For the details of automatic sludge sampling designs, see Chapter 8.2 in Volume 1 of the 4th edition of my handbook.
You should keep in mind that measurements that work in a mock-up might not work when you apply them to the full-scale process. Also, I will have an article (probably the Sepember issue) on the state of the art of nuclear power plant waste disposal, which you might be interested in reading.
A: Have you had a look at the sonic meters from Cidra? They are being used in the oil sands to measure the four-phase slurry flows in 27-in. lines from the mine face to the extraction plants and then again in tailings. They are non-intrusive, and should do a good part of the job. I have copied John Viega of Cidra on this note, so he can respond directly as well.
Also, a company called Caltron, (part of Emerson now, I think) had a non-invasive capacitance probe installed between a pair of flanges that could provide water content.
A: When I was at Oak Ridge, I developed a probe that measured density and temperature along the probe. This probe was based on ultrasonics; it used the torsional mode. The probe was non-circular; we used a flattened probe about the size of a thermocouple probe used in reactors. Any non-circular probe would work. I switched between extensional mode to measure temperature and torsional mode to measure the density of the fluid surrounding the probe. There is an equation describing the velocity of propagation that includes density of the fluid surrounding the probe. It sounds to me like this probe might have application in this project.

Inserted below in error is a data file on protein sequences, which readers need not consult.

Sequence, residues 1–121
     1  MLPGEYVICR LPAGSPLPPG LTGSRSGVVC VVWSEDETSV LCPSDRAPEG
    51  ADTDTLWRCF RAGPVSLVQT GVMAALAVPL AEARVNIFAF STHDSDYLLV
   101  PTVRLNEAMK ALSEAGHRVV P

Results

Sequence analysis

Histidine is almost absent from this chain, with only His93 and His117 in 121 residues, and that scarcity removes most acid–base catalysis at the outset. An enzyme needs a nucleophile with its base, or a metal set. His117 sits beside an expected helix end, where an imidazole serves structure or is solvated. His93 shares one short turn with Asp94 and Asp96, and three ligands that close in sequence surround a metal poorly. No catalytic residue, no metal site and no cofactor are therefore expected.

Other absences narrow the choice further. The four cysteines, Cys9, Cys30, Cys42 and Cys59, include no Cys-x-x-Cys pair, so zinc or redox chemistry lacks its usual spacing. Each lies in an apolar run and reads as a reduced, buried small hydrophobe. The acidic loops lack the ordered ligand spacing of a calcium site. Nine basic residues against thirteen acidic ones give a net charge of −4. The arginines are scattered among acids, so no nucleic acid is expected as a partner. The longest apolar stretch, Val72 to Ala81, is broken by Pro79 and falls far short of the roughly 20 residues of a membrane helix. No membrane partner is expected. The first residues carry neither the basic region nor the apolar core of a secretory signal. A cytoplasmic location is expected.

By the way, the probe was originally developed after the Three Mile Island accident to measure coolant level in a nuclear reactor. In that measurement, one can't measure coolant level because the coolant is always at the top. Where coolant is lost in a reactor is at the hot spot, i.e., the core. You would have, from the bottom of the reactor vessel, water, void fraction and then water. This probe was designed for that environment, and would have taken the place of one of the thermocouples in the reactor.
George N. Miller, P.E.
Q: Could you suggest to me some MPC (multivariable predictive control) literature (books, articles, white papers, lectures, etc.) that I can study in order to fully understand how to design, implement and maintain an MPC project?
I have found some sources of information, but they are not practical to carry out an application in the real world. That is why I am looking for some literature that could be classified as "MPC for Mortals," that is, not for scientists with PhDs, etc., but something understandable by the guys that implement process control and operate the plants.
Marcos Francisco Moreno Molina